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Thou art! It is a truth which all Nature, animate and inanimate, breathless and breathing, cries aloud. And before an unregenerate world, and evil institutions had corrupted it, pure and fresh as in thy celestial prime, thou didst take up thine early dwelling in the yet unpolluted soul of Arthur Plantagenet.

Ile had lov'd once-he bad lov'd many a time

Alas! when was it that he did not love ?
He had lov'd all in nature--the sublime

Rock by sea-shore or mountain ; and above
That rock the deep-blue vault man may not climb-

All-all-- from the sweet flower and gentle dove
To the fair girl with cheek of roseate hue,
And soft large eve—the beautiful—the blue !

Will they

To me, that time, those feelings, in this world at least, will never return. ever return hereafter?-Or, is


doom that of the fallen angels? -“the erring spirits who can ne'er return." I ask, but ask in vain; and I rave as well as drivel. at least attempt to explain myself.

Although I in the general do, as I needs

Let me

must, admit the doctrine of Locke, as to there being “no innate ideas,” there has appeared to me, something anomalous in the following phenomenon. So far from vice having been, so to speak, the natural prompting of my disposition, I can still recollect my feelings of disgust, of disappointment, nay, of absolute incredulity, when some of the gross vices of my species were first mentioned to me. It seemed strange, revolting ; so strange, so revolting, that man was but as the brutes, that long I absolutely would not believe it. In my boy-dream, instead of appearing as kindred to the beasts that perish, he was rather pictured as “only a little lower than the angels." I have met with so little sympathy from the beings by whom I have been surrounded in the world, that I had no hope ever to find another human mind that could throw light on the unearthly musings of my visioned boyhood. With what delight and surprise then did I first read that extraordinary poem of



Mr. Wordsworth, intitled, “Intimations of Immortality, from Recollections of Early Childhood." For I might indeed, and in

truth say:

There was a time when meadow, grove, and stream,
The Earth, and every common sight,

To me did seem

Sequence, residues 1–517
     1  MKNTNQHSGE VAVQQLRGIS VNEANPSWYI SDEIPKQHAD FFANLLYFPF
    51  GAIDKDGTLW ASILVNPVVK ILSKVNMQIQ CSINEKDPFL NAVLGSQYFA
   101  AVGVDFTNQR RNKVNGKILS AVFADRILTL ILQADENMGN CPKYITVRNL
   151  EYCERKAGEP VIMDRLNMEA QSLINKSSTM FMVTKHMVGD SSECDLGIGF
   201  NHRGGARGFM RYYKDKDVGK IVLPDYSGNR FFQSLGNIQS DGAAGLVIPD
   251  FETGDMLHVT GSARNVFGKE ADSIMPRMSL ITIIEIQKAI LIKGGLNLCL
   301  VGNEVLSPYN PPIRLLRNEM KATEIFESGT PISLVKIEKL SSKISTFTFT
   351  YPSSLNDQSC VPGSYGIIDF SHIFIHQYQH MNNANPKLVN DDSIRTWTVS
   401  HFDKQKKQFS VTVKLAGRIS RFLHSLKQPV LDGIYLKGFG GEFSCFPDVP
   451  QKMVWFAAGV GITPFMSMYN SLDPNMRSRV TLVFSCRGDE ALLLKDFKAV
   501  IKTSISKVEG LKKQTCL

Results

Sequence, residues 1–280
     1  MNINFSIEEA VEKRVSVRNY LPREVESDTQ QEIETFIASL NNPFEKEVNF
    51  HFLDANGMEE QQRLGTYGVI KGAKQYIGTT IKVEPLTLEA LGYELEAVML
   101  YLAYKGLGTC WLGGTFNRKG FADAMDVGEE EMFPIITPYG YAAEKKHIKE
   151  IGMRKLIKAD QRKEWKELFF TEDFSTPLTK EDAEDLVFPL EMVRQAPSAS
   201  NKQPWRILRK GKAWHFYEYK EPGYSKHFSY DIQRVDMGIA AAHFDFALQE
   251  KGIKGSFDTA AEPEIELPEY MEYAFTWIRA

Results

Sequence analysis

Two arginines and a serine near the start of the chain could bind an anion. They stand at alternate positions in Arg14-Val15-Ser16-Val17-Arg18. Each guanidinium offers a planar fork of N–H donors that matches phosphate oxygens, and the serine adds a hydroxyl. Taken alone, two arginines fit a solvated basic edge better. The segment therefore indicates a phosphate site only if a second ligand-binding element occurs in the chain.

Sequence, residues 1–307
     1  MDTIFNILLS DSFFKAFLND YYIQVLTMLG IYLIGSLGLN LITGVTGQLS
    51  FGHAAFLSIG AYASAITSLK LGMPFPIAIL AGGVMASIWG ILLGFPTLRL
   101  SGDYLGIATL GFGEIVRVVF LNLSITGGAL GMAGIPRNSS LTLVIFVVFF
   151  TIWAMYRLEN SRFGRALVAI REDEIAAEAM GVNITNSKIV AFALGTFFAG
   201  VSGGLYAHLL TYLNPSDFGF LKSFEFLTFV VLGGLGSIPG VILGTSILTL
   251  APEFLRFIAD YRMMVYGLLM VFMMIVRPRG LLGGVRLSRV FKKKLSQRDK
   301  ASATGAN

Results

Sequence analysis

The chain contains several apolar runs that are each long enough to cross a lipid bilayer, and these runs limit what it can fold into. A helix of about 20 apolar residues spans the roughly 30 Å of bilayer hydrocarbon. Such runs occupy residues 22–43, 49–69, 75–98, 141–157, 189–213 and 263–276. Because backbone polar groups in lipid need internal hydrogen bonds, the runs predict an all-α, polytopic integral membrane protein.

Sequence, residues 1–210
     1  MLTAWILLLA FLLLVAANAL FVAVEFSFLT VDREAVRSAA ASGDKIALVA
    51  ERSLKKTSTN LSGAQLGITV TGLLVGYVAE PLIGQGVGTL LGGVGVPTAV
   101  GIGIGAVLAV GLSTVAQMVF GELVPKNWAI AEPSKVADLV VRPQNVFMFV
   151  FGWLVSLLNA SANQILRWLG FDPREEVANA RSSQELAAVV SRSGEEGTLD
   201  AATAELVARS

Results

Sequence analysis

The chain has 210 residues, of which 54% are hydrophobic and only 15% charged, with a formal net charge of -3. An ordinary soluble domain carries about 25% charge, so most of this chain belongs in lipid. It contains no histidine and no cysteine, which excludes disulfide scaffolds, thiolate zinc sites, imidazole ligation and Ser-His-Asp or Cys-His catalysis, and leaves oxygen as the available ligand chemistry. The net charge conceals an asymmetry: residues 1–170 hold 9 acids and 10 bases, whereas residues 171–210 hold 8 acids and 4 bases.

Apparelled in celestial light,
The glory and the freshness of a dream.

Oh! how strongly my own memory bore testimony to the following :

Our birth is but a sleep and a forgetting :

The soul that rises with us, our life's star,
Hath bad elsewhere its setting

And cometh from afar.

Heaven lies about us in our infancy!
Shades of the prison-house begin to close

Upon the growing boy.

And with Wordsworth I can, indeed truly

say, that

nothing can bring back the hour
Of splendor in the grass, of glory in the flower!

But alas! for the influence of the world and its institutions, I cannot conclude as he does in a strain of subdued joy, and hope, and thanksgiving. This is no place to enter upon the metaphysical subtleties of the question, even if I possessed inclination and ability to do so; I leave these in order to inform my reader of a circumstance that tended to foster such wayward musings in my boyhood, and by that means perhaps eventually to redeem my character from a few vices; and even when so redeemed it will still have enow to answer for.

When I was a boy, we used occasionally to pass part of the summer at a house which my father had on one of his estates in Wales. The house was called a hunting, or shooting box, I forget which, nor do I remember whether its vicinity was remarkable either for good hunting or shooting. But one thing I do remember well, that it was remarkable for excellent trout-fishing. Fly-fishing was my favourite sport, and, indeed, during the

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